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Invisible Shackles By Anuja Arora | Book Review

In life, we often get imprisoned in a “self-created” jail. It is said that the mind creates the barrier and if we can overcome it, we can do wonders in life. All true. But, is that so easy? Don’t circumstance and situation play an important part there?

You might be wondering, why these philosophical questions! Well, they may sound philosophical or even hypothetical, but, they are an integral attribute of realities.

Book Title : Invisible Shackles
Author :
Publisher : Leadstart Publishing Pvt Ltd (11 December 2019)
# of Pages : 160 (Paperback)
2143 KB 160 (Kindle EBook)
# of Chapters :
Purchase Link(s) :

Recently, from our team, I got a chance to read Invisible Shackles, a thought-provoking book by Anuja Aroa, that irked these thoughts/questions in my mind. “Invisible Shackles” is published by Leadstart Publishing. We are thankful to the publishers for providing us the review copy. The reviews are uninfluenced by all means, as always.

Book Cover:

Let us take a look at the cover page of “Invisible Shackles”.

We strongly believe in not judging a book by its cover. At the same time, we also acknowledge the impact a cover page can make (both positive and negative) for the book (or for that matter, any media). So, we always talk a little about the book cover when we talk about a book.

Invisible Shackles By Anuja Arora | Book Cover

Invisible Shackles By Anuja Arora | Book Cover

The title of the book “Invisible Shackles” is challenging enough for the designer to come up with something interesting. The designer (team/individual at Boomranng Studio) has decided to go with a graffiti representing modern art as the core of the design. Using these attributes the designer has represented the face of a lady looking sideways with dropped eyes. The cover page represents the internal dilemma of the female protagonist quite well. And the colors make it look attractive too.

The Plot:

The book explores the fictional story of Naina Oberoi and Amrithum aka Amrit.

Amritham is a forest officer who lives practically in the jungle (in his official residence at Charikosia Wildlife Division). His wife Durgavathy aka Durga and daughters Divya and Shweta lives in the city with Durga’s family. Amrit’s parents passed away a while ago.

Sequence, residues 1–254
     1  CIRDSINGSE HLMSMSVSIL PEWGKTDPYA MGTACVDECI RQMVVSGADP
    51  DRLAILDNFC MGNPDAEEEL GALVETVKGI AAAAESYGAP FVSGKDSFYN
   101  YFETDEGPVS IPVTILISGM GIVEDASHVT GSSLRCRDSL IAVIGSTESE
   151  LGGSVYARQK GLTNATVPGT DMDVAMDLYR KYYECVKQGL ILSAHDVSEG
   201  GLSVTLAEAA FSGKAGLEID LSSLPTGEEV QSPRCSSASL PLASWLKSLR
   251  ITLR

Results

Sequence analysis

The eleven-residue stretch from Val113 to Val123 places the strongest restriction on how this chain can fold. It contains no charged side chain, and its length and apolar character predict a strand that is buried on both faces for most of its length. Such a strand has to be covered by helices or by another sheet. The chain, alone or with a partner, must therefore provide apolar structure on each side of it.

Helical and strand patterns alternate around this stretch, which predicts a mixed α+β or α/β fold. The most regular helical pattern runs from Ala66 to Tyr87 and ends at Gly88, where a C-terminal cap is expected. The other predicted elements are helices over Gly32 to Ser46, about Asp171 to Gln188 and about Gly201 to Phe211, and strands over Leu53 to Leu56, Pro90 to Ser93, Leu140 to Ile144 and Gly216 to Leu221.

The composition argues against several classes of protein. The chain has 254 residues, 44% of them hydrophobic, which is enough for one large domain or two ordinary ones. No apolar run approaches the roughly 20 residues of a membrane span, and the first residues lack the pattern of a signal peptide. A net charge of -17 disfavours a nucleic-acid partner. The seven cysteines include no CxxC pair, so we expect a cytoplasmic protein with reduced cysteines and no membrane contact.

Naina was living a high profile life in a metro city with her husband Vikram Oberoi aka Vicky and son Siddharth. Siddharth, when reached a certain age, was moved to a boarding school and the couple was enjoying life altogether in each other’s company.

Situations took interesting turs for Naina and she came to Odisha running away from her home. She knocked the doors of Amrit and coincidently their paths crossed.

Why Naina ran away? How Amrit and Naina are attached to their respective families? Will these two fellows coming from different circles of society get along as friends? Will they learn something from the experiences of each-other’s lives? Are there any similar attributes in their different-looking lives?

Well, all these questions can get answered by reading this interesting book. And yes, on the way you meet so many characters including (but not limited to) Probir, Dhumusi, Babusa, Virendra Trehan, Sabrina Trehan, Partho, Shangram, Venugopal, Vignesh, Revathy, and others.

Views And Reviews:

Let me start with a disclaimer that I will try my best to keep spoilers away, but, some of them are inevitable. So, please read with the consent.

The book has some positive aspects that make it a nice read. The way the social canvas is explored, the relations in a typical family are elaborated is superb. The authenticity in the exploration of the relationship and fragile bond between a couple with different life values, is simply commendable.

What comes to us as a surprise is the second half of the book. Of course, it continues the same story but becomes a thriller from a simple novel. The climax doesn’t disappoint. The last scene of the book shows the psyche and nature of almost all the characters.

Strong characters – is a positive attribute of this book. While you love some of them and hate the others, they all have reasons to do that, their mindsets. What we can deduce as right or wrong easily as a third person, is not easy for the person him/herself to see it that way.

Here is a simple yet interesting way a scene is explored in the book: